My home is built among other people,
but the sound of carts and horses is absent.
Asked how I live this way, I reply:
With my mind on distant things, this place is naturally solitary.
I pick chrysanthemums under the eastern bamboo
And cast leisurely glances at the southern mountain.
The mountain air, a beautiful sunset,
A pair birds returning to their home—
There is a deep meaning here. But
As I open my mouth to speak, I forget the words.

But it's basically impossible to capture all the ambiguity possible in classical Chinese when translating. E.g. the line 心遠地自偏 can be glossed as heart distant earth natural remote, which is pretty open to interpretation—and that's after disambiguating character semantics. But I guess that's what makes translating classical Chinese poems such a fun and exciting thing to do.

Posted at 12:31 | /chinese | 2 comments | permalink


i'm from virginia where ain't shit to do but cook
pack it up sell it triple-price fuck the books
where we re-up re-locate re-off them brooks
so when we pull up it ain't shit to do but look

Posted at 12:12 | /media/music/lyrics | (leave a comment) | permalink

Mon, 08 Sep 2003


Here's a picture of the best tea I've ever had in my entire life:

tea pic

This was in 鎮勝陶坊 in 陶瓷老街, 鶯歌, Taiwan. (If you're in the area, I highly recommend them—I got a great teapot there, some beautiful tea cups, and the proprieter brewed my the aforementioned tea and chatted with me on things tea and not-tea for about an hour, despite my oh-so-poor Chinese.)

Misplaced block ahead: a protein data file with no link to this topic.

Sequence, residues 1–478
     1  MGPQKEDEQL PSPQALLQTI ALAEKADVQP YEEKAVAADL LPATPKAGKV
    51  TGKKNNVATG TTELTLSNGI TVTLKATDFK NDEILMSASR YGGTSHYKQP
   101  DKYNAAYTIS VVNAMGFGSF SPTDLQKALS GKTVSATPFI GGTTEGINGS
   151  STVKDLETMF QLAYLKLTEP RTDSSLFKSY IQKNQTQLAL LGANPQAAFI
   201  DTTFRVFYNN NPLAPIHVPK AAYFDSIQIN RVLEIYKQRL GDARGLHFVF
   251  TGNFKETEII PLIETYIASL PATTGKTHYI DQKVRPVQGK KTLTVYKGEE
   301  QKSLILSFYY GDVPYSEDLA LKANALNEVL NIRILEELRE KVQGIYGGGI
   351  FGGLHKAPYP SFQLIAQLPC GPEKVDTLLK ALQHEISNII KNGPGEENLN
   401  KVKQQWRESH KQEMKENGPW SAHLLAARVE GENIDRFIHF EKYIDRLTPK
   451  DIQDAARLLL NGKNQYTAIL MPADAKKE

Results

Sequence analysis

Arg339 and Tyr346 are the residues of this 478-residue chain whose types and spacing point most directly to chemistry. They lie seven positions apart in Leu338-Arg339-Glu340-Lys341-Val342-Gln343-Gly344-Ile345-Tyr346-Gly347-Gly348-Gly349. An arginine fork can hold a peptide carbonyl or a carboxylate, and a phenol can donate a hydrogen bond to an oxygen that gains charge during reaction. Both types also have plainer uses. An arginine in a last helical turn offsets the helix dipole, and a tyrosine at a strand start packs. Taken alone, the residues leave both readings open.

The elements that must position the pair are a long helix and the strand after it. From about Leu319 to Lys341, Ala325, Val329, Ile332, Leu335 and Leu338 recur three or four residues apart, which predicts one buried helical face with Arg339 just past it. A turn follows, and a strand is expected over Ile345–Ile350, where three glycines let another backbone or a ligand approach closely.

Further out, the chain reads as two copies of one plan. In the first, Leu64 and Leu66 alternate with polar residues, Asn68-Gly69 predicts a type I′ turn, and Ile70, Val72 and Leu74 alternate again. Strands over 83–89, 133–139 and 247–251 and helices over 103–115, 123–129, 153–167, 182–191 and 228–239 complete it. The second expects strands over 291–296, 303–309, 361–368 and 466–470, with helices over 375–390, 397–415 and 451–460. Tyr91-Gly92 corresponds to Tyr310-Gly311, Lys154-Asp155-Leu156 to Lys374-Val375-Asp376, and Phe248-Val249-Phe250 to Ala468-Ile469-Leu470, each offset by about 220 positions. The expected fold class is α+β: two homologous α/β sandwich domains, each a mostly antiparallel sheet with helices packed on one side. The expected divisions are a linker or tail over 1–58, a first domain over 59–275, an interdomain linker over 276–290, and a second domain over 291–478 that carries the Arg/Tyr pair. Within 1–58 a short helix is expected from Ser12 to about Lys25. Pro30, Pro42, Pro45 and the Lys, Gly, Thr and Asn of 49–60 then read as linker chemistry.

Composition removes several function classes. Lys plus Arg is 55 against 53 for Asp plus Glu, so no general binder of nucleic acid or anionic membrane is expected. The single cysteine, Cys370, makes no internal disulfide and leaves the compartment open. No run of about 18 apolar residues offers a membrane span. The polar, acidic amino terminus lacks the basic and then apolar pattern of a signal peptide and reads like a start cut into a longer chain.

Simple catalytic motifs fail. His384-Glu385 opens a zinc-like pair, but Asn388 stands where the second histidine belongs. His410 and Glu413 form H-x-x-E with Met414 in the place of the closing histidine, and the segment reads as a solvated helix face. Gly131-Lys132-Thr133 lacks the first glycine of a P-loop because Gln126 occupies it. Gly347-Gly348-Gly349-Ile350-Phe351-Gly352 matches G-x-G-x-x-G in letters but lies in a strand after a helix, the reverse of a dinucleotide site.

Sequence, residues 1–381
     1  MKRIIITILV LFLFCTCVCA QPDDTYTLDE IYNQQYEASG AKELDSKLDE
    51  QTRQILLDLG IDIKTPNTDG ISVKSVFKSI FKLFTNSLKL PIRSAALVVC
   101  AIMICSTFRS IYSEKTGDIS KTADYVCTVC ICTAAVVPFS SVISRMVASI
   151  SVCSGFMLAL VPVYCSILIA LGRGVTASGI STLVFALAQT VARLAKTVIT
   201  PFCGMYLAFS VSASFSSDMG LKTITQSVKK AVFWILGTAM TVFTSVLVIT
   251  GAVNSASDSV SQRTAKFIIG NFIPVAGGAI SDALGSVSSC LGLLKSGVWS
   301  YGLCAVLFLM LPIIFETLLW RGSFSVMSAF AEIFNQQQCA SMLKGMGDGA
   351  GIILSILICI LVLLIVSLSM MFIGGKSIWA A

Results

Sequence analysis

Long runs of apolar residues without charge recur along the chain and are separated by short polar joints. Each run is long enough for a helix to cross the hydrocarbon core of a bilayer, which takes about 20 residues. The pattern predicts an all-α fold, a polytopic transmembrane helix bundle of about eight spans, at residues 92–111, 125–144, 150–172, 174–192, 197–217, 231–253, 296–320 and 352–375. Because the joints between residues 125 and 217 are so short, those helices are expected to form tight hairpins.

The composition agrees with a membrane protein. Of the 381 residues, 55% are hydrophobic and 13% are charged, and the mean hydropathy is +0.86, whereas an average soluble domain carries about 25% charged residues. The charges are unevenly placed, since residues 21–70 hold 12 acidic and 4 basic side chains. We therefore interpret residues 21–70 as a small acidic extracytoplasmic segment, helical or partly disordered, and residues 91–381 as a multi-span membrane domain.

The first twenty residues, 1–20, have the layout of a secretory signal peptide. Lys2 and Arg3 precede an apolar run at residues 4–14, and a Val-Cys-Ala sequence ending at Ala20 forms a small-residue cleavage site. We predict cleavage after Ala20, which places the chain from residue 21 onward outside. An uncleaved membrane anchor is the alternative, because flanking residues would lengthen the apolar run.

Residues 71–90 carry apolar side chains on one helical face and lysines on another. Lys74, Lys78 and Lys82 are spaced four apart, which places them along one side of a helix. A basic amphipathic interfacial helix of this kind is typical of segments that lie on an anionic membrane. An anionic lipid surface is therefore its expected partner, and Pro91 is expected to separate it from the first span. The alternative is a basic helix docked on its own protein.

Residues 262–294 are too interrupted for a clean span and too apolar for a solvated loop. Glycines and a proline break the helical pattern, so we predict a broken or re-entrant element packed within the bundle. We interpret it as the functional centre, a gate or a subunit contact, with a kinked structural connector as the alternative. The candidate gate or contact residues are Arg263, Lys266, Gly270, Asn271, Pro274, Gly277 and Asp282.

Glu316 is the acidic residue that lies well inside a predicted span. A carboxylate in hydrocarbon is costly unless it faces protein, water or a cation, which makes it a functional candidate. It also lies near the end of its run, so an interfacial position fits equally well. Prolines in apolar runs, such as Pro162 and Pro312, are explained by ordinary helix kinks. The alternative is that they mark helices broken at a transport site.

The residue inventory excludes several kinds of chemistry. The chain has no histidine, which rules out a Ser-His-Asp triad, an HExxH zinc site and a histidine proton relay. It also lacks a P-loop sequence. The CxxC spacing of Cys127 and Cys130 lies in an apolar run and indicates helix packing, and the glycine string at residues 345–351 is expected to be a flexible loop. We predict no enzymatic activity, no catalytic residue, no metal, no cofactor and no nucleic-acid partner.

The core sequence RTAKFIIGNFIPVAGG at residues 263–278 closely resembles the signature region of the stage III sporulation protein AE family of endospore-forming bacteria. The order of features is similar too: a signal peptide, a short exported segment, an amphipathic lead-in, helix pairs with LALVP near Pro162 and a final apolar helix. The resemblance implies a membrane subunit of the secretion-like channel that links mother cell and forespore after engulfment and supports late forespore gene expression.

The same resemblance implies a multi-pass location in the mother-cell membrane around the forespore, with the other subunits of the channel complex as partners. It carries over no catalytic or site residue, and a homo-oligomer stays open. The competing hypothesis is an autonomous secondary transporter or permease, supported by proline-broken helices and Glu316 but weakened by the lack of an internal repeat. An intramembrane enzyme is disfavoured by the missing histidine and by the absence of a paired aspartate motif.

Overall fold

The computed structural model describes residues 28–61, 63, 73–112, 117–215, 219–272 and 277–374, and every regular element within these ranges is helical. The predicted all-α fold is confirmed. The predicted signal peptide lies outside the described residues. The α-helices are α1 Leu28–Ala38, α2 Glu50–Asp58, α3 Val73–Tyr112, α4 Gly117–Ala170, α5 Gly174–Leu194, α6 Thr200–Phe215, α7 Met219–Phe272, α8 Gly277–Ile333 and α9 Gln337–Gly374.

Posted at 22:33 | /mortal | (leave a comment) | permalink

Sun, 07 Sep 2003

Craigslist Best-Of

The Boston Craigslist in general is populated by very stupid very illiterate people, but the best-of section occasionally has some very funny posts, e.g. this very Flowers for Algernon trip report about Portland:

Posted at 23:09 | /internet/links | (leave a comment) | permalink

Fri, 05 Sep 2003

Log Age

The Koran, allegedly, is the origin of the half your age plus seven rule (i.e. as the lower limit for dating/sex). But modern times call for modern rules, and thus I'd like to introduce the concept of log age.

Because the modern age is digital, and because it just works out better this way, we'll be using base 2. Your log age is simply log base 2 of your regular age. We'll stay with the traditional practice of dropping everything past the decimal point in casual conversation, so here's the quick conversion chart:

Traditional age | Log age
            < 1 | don't ask
              1 | 0
            2-3 | 1
            4-7 | 2
           8-15 | 3
          16-31 | 4
          32-63 | 5
         64-127 | 6

(So that solves my birthday problem, at least—I'm still 4.)

Now for dating, we'd like a radius of .5 in the log domain, i.e. you can date anyone half a logyear younger to half a logyear older than you. That works out to:

  dating_radius = trad_age / (2 * sqrt(2))

which means I can legally date anyone from 16.1 to 33.8 years old. Modern times being more liberal, I guess.

Posted at 10:00 | /misc | 5 comments | permalink

Wed, 03 Sep 2003

Sudden book influx

During the past week, three people at work have independently and without prior warning left books for me to read. I have:

  1. Lolita
  2. The Stars My Destination
  3. The Wordsworth Dictionary of Pirates

Was it something I said? Does this particular selection something about my personality?

This reminds me, I've been meaning to write a mini-review for Ted Chiang's Stories of Your Life and Others and China Mieville's Perdido Street Station, both of which I read in SA, but the very very short review (for both) is: <shrug>.

Posted at 10:57 | /media/books | (leave a comment) | permalink


So so is good, very good, very excellent good: and yet it is not; it is but so so. -- William Shakespeare, "As You Like It"